That doesn't exonerate the cops though. They are not private security of UA and should've investigated, i.e. ask what the hell is going on before taken any decision.
Of course they should have investigated or, better yet, they shouldn't have gone to the gate at all. However, in practice, airport cops and airport security tend to take the side of the airline without questioning the situation.
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Old Apr 16, 17, 8:45 am
  #5958  
 
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Originally Posted by MSPeconomist View Post
Of course they should have investigated or, better yet, they shouldn't have gone to the gate at all. However, in practice, airport cops and airport security tend to take the side of the airline without questioning the situation.
Looking at the early video where he's talking, there is only one officer present, with a woman with a black and white dress and ID tags behind him.

That officer speaks into his radio mic during the discussion.

Perhaps after his assessment the 'bouncer' goon was called.

What's clear is 3 officers didn't rush on and grab him suddenly.
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Old Apr 16, 17, 8:51 am
  #5959  
 
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Originally Posted by Kacee View Post
Among other things, DL is likely hoping to discourage stricter regulation through voluntary change.
I could see a great delta commercial. Get Anderson to do it:

"I'm sure you have all seen the video of the poor Asian man beaten by united airlines when he would not get off their plane so his seat could be given to united crew. [play video] well I want you to know that we treat are customers right, and have upped our compensation, so in an overbook situation, we make it worth your while, no blood letting required".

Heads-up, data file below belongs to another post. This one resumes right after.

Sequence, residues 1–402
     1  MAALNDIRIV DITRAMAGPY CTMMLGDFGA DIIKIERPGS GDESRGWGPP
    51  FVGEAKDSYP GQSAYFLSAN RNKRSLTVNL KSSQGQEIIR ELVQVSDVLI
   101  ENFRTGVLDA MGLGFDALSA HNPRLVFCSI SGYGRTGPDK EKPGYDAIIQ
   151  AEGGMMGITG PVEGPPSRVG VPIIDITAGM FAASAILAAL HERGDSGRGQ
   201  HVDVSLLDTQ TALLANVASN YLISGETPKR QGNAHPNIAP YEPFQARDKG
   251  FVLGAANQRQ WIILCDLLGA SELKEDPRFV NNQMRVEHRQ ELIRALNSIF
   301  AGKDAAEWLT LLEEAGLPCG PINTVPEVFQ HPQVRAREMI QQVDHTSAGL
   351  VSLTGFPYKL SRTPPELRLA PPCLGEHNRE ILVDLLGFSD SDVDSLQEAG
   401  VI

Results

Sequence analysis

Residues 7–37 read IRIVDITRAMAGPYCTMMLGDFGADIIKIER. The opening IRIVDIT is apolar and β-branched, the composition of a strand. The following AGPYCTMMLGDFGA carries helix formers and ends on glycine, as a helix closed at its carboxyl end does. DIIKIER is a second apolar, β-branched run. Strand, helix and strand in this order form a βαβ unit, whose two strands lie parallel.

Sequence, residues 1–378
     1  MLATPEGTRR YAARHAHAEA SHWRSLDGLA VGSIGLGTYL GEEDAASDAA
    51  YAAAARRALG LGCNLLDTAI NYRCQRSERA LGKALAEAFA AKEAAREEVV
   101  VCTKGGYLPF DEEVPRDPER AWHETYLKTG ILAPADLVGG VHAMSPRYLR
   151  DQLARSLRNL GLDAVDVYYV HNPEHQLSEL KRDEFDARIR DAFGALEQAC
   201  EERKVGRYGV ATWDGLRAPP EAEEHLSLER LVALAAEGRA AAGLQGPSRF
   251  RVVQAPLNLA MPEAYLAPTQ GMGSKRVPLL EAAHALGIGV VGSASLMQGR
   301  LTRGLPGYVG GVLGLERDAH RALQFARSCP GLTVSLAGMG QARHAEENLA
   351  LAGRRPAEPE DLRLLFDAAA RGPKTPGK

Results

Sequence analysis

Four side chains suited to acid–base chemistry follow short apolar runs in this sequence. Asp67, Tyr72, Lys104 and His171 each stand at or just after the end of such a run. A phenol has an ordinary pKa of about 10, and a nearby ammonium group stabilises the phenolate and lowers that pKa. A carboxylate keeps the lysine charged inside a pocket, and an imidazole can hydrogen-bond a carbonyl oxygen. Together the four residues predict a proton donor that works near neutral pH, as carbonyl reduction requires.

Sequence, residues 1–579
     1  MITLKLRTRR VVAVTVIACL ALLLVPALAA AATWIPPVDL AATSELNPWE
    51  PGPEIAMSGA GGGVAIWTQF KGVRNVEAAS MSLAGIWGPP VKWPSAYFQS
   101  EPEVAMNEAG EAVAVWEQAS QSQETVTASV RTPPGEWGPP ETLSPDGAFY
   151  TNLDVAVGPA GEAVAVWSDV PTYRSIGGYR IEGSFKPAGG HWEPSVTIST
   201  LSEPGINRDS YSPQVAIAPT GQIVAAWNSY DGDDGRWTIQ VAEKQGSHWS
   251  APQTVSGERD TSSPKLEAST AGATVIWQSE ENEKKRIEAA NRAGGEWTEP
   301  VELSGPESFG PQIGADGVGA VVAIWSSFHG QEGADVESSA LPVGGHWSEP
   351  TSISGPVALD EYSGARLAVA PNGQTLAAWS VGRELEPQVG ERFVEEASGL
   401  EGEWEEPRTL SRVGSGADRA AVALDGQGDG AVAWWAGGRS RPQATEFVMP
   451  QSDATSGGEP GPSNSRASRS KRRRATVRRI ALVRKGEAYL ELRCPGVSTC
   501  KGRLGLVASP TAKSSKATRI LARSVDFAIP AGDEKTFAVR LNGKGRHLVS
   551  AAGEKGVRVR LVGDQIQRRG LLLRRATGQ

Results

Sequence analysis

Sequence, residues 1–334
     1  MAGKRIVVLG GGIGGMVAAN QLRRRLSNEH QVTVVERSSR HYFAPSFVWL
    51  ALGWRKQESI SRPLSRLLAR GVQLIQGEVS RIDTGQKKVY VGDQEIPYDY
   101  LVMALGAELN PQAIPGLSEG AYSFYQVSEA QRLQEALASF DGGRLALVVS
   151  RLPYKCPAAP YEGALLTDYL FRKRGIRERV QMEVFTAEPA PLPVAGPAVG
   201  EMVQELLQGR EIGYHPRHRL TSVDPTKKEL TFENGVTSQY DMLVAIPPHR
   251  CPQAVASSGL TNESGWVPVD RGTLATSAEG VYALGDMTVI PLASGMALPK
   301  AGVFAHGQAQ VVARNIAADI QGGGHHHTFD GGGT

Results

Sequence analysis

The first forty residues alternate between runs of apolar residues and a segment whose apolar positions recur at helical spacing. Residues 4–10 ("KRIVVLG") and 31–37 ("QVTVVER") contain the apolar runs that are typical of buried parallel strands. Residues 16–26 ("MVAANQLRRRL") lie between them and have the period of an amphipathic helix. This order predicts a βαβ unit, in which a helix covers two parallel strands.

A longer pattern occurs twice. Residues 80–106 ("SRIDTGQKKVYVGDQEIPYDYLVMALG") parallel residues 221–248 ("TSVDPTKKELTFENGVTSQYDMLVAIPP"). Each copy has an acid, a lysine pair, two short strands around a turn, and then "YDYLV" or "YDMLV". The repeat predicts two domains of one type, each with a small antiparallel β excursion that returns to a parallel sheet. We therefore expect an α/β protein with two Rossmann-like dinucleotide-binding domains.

Originally Posted by mduell View Post
Has anyone read if the GA for this UX flight out of ORD was actual UA staff or with a contractor (RPA or otherwise)?
I had the same question, but assume it was Ua as united is not trying to blame anyone else and I think they run all gates at ord.

Originally Posted by goodeats21 View Post
I find it very interesting that only GS members were found worthy of an email from Oscar.

I was expecting to have received something by now, but I guess I had forgotten the value that United places on 1Ks...and the rest of the M+ membership.

They really have no clue.
+1000. Hard to believe they would not send this out more widely. They obviously are seeing book away, otherwise would not have done this, but then why only GS?

Originally Posted by MSPeconomist View Post
The GA was a UA employee. She's the one who handled the pathetic VDB attempt and then the IDBs. She also apparently was the person who called for the police to come. The police were called by UA, not Republic.
I believe you are correct, but any source? I've not seen anything saying this.
Originally Posted by Miles Ahead View Post
Interesting, but not surprising. Since this whole escapade began by United trying to save a buck, why be surprised that United didn't send a message to all the M+ members? Might have cost them a whole dollar.
E-mail blasts cost a few k, no idea why all MP members would not get something similar. More tone deft communication.
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Old Apr 16, 17, 8:57 am
  #5960  
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Originally Posted by cerealmarketer View Post
That's right - it's Chicago Aviation Dept "Police" - at least that's what the Tribune calls it.

http://www.chicagotribune.com/news/l...413-story.html
They are not allowed to wear "POLICE" marked jackets as one was seen doing in the video. They are unarmed and have no or very limited arrest authority. There has been a great deal of confusion about this groups exact status but I would rank them in the category of mall security.
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Old Apr 16, 17, 8:59 am
  #5961